Boxing is and has been a niche sport for decades now, with the nature of the sport leading to a splintering of media rights. As the viability of the pay-per-view model comes to an end (at least for boxing, given the lack of true draws at the top of the sport), it makes sense that we’re seeing it return to television and/or streaming services. HBO’s recently announced exit has also necessitated movement for boxing rights.

But while MMA companies like UFC and Bellator have a handle on a wide array of events, boxing still works through various management companies, which is how we got to the point that OTT network DAZN signed a 5-year, 11-fight deal with Golden Boy Entertainment and Saul “Canelo” Alvarez for a massive $365 million.

Via ESPN’s Dan Rafael:

In a record-shattering deal finalized early Wednesday morning, Alvarez signed a five-year, 11-fight deal worth a minimum of $365 million with DAZN, which only launched in the United States in September.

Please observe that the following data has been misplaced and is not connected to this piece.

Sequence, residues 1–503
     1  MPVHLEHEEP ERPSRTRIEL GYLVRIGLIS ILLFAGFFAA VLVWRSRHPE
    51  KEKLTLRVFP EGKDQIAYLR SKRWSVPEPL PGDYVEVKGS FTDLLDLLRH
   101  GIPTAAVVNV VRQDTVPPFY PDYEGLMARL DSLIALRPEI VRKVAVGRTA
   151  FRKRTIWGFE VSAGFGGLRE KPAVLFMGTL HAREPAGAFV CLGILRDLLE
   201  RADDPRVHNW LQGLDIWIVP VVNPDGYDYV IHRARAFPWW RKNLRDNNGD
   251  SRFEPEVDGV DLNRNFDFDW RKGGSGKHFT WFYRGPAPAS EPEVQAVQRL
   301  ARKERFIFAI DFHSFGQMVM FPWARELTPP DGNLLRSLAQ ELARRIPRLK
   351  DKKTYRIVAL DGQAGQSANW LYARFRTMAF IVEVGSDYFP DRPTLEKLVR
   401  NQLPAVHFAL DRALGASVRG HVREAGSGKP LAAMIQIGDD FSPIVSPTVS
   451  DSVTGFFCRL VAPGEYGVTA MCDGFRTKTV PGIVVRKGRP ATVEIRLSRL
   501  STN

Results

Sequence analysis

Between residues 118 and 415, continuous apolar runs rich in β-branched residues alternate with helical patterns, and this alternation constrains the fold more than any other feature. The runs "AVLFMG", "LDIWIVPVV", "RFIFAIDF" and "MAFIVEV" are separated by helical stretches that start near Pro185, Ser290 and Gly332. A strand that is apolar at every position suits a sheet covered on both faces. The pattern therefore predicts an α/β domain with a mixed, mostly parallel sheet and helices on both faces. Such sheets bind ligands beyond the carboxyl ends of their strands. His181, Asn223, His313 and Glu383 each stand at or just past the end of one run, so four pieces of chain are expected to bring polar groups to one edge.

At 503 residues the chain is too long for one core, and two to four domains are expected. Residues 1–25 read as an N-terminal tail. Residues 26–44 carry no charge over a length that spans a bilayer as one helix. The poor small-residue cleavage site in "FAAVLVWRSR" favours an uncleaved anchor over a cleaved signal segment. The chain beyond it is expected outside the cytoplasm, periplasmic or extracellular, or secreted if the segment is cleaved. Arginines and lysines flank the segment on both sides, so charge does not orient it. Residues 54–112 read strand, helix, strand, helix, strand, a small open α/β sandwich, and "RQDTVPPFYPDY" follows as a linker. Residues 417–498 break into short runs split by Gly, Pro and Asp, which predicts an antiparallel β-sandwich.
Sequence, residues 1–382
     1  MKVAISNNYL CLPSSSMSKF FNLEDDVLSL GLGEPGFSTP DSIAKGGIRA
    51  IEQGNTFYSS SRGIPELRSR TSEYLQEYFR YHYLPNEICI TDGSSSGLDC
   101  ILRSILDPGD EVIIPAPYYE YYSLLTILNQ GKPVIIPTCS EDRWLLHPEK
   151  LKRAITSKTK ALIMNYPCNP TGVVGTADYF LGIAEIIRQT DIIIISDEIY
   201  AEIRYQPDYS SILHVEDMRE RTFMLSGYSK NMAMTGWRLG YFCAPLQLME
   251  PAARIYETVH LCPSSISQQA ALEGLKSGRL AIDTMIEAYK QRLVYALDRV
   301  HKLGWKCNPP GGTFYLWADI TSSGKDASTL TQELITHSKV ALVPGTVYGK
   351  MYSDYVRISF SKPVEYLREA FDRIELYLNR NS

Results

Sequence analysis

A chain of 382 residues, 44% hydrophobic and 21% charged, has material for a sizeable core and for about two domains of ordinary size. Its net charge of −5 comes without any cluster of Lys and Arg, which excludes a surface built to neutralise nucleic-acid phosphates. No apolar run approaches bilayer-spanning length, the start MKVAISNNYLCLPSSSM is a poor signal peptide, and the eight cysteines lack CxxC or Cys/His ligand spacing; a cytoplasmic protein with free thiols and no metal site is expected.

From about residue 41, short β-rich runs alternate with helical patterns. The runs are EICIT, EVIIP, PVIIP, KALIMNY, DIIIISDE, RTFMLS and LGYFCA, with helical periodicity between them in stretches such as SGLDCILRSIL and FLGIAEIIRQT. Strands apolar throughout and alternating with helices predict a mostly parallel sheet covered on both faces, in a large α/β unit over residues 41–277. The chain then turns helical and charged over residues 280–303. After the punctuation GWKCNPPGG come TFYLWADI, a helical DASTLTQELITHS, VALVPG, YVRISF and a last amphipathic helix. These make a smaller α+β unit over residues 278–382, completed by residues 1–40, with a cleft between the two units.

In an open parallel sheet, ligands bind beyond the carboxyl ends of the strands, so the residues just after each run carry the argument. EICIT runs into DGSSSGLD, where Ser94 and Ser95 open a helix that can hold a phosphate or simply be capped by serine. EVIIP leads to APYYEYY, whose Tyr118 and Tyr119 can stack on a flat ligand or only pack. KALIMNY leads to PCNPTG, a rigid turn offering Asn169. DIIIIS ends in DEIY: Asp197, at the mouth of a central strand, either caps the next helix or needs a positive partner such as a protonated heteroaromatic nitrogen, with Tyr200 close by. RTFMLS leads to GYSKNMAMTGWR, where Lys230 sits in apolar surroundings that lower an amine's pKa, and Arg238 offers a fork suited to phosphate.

It will commence with his move up to super middleweight to challenge secondary world titlist Rocky Fielding on Dec. 15 at Madison Square Garden in New York, where they will meet face-to-face at the kickoff news conference on Wednesday afternoon.

Alvarez’s deal is the richest athlete contract in sports history, eclipsing the 13-year, $325 million agreement that New York Yankees slugger Giancarlo Stanton signed in 2014 when he was with the Miami Marlins.

“Canelo is the highest-paid athlete in the world. He’s extremely happy,” De La Hoya told ESPN after Alvarez signed.

That $365 million number is eye-catching for a reason, especially coming from a relatively young streaming service like DAZN. But the only way for DAZN to survive is to have content worth signing up for, and given their penetration into the MMA market, it makes sense to add the biggest name in boxing to their inventory. The eleven fights are the key; on a per-fight basis, DAZN will be paying about $33 million per contest. And considering what Canelo had been earning per fight under the pay-per-view model, it doesn’t sound that crazy.

Alvarez, meanwhile, gets some stability; he’s only 28, and this deal should carry him through some of his prime years. It’s tough to find a downside here; sure, DAZN could end up going under, but that’s much more likely to happen without prime content than with it, and you have to spend for rights.

We’ll have to wait and see on production values, setup, and the rest, but they don’t have a lot of time to prepare: the the first fight of the deal is coming up in less than two months.

About Jay Rigdon

Jay is a writer and editor for The Comeback, and a contributor at Awful Announcing. He is not a strong swimmer.